The San Francisco Museum of Modern Art (SFMOMA); A Museum for Everyone


I am in no way an art critic, nor do I consider myself an artist. Heck, I’m not even a good restaurant critic but I love to eat and I love to tell people about my experiences. Much in the same way, I love enjoying art and interpreting all the sensory stimulations that come with it. At the San Francisco Museum of Modern Art, or SFMOMA, you can indulge yourself with some of finest artwork from the modern era and not feel like an art snob. 

The museum is located in SoMa, on 3rd Street between Mission and Howard, just a hop across the street from B Restaurant & Bar. A work of art itself, it is housed in a gorgeous brick building that features a grand atrium and staircase topped by their signature turret and oculus skylight. Though founded in 1935, the current building was constructed in 1995 by architect Mario Botta. The building is over 225,000 square feet and spans 5 floors that all feature vast open spaces and natural lighting. 

The first floor is the main lobby, where you can find the information desk and museum store, which in itself is worth the trip. It has a lot of exhibition products, furniture, housewares, jewelry, and ton of art and design books you won’t find easily elsewhere. I spent just as much time perusing the SFMOMA Museum Store as I did on each of the floors.

The second floor features pieces from the painting and sculpture collections and also showcases work from their architecture and design program.

The third floor consists of galleries devoted to photography, which I absolutely enjoy. On my most current trip, they had a whole ehxibit devoted to American photographer Robert Frank, whose work from his pivotal book, The Americans, is showcased in its entirety from start to finish. With an introduction written by beat legend Jack Kerouac, it is an incredibly moving collection of photos that looks at American life in the 1950’s, and has been seen as both controversial and infuential. I highly suggest you check out this exhibit, it runs until August 23rd.

The top two floors are very open and airy, and they are used to accommodate special temporary exhibitions, media arts, and large-scale contemporary art from their collection. Here you will find larger than life sculptures and artwork that runs the gamut from the soft and delicate to the overly obnoxious, depending on your point of view. Some of my favorite pieces of art were featured on these floors, including this piece consisting solely of chalk rock collected in England. 

The newest addition to the MOMA is the rooftop garden, which is has open air spaces as well as a glass-enclosed pavilion. Designed by architect Mark Jensen, he describes it as  “a gallery without a ceiling.” Inside the pavilion there is a Blue Bottle Cafe, which just so happens to be my favorite coffee in San Francisco. On a sunny day you will find many people relaxing out on the rooftop garden, enjoying some fresh brewed coffee from Blue Bottle and enjoying the sculptures that don’t make sense. What’s great is that they don’t have to, and that’s what makes them so interesting.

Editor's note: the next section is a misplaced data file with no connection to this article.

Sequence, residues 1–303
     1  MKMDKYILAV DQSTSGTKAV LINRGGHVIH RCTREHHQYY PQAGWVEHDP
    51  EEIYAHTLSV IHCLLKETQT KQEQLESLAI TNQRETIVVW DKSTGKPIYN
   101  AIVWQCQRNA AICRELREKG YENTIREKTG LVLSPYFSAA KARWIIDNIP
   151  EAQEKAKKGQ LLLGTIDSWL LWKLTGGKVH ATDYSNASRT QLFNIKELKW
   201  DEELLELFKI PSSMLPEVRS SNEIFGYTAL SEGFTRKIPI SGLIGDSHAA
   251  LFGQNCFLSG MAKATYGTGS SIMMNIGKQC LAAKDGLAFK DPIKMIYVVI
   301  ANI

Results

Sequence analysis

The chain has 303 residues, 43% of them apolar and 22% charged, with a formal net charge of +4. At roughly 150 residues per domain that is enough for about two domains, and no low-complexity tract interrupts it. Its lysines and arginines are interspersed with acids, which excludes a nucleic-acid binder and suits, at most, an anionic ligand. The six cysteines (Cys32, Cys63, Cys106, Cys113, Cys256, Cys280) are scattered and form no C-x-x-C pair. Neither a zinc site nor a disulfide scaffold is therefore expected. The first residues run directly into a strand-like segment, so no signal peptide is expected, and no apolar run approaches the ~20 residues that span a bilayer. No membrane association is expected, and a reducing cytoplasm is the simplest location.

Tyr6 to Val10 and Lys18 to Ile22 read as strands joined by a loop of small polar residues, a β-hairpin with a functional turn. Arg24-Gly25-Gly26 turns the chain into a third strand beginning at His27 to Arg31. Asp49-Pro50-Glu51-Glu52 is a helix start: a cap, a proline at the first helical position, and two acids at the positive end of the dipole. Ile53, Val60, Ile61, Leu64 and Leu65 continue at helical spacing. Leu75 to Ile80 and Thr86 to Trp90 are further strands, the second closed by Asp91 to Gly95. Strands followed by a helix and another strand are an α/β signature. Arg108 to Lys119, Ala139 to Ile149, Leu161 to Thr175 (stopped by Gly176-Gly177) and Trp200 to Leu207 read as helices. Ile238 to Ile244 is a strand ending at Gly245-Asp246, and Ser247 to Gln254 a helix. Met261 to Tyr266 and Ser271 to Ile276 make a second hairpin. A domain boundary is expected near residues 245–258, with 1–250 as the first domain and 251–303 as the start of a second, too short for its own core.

I have no formal training or expertise in art critiquing, but that’s what makes viewing artwork fun. Some of it resonates loudly and really speaks to you, while others may not even earn a second glance. The beauty of trying to interpret what the artist is trying to portray is that beauty is in the eye of the beholder, and it is whatever you choose to make of it. When viewing artwork, I do seem to follow some sort of regular pattern that helps me try to understand the piece, if not appreciate it on a deeper level other than, “It looks cool.”

  • Look at the piece in its entirety from every angle possible, and don’t classify it as good or bad. If it caught your attention, then it deserves a deeper look.
  • Take a look at how it was made, think about what it is constructed of, the steps it may have taken to get to the finished product and how long you think it took the artist the complete.
  • Try to intepret it. What is the relationship between the objects or the life it features? Why is it arranged that way? Most importantly, how does it make you feel? Oftentimes that’s all I get out of a piece, if it makes me happy, sad, confused, intrigued, angry, etc. 

The San Francisco Museum of Modern Art is a museum for everyone. It does not exude the pretentiousness of art snobs that would scoff at you for walking past a painting that just doesn’t strike a chord with you. All types of people visit the MOMA, with many regulars being art students, tourists, seniors, families, and an art snob or two. You are also allowed to take photos (hence the photos here) as long as you don’t use flash. If you get caught using a flash, one of the many ninja-esque museum employees will quickly tell you to shut it off, seemingly appearing out of nowhere. The atmosphere and layout is very inviting, and allows you to wander around freely without feeling claustrophobic or rushed by crowds and lines. As a result, you can enjoy all the art at your own pace, and wonder if the artist was on crack or not when they created it. 

The museum is open until 5:45pm everyday except on Wednesdays when they are closed, and on Thursday evenings they are open until 8:45pm when you can get in for half-price. The museum is also free on the first Tuesday of each month, see my article on free museum days in San Francisco for a list of other museums that offer free admission on certain days. 

San Francisco Museum of Modern Art (SFMOMA)
151 3rd Street
San Francisco, CA 94103
(415) 357-4000  

Thanks for the photos, Camille! 

Also check out:
The Official Hoodscope List of Free San Francisco Museum Days 
B Restaurant & Bar in SOMA   
San Francisco 3rd Most Creative City in the World 
The Ultimate SoMa Happy Hour Gameplan


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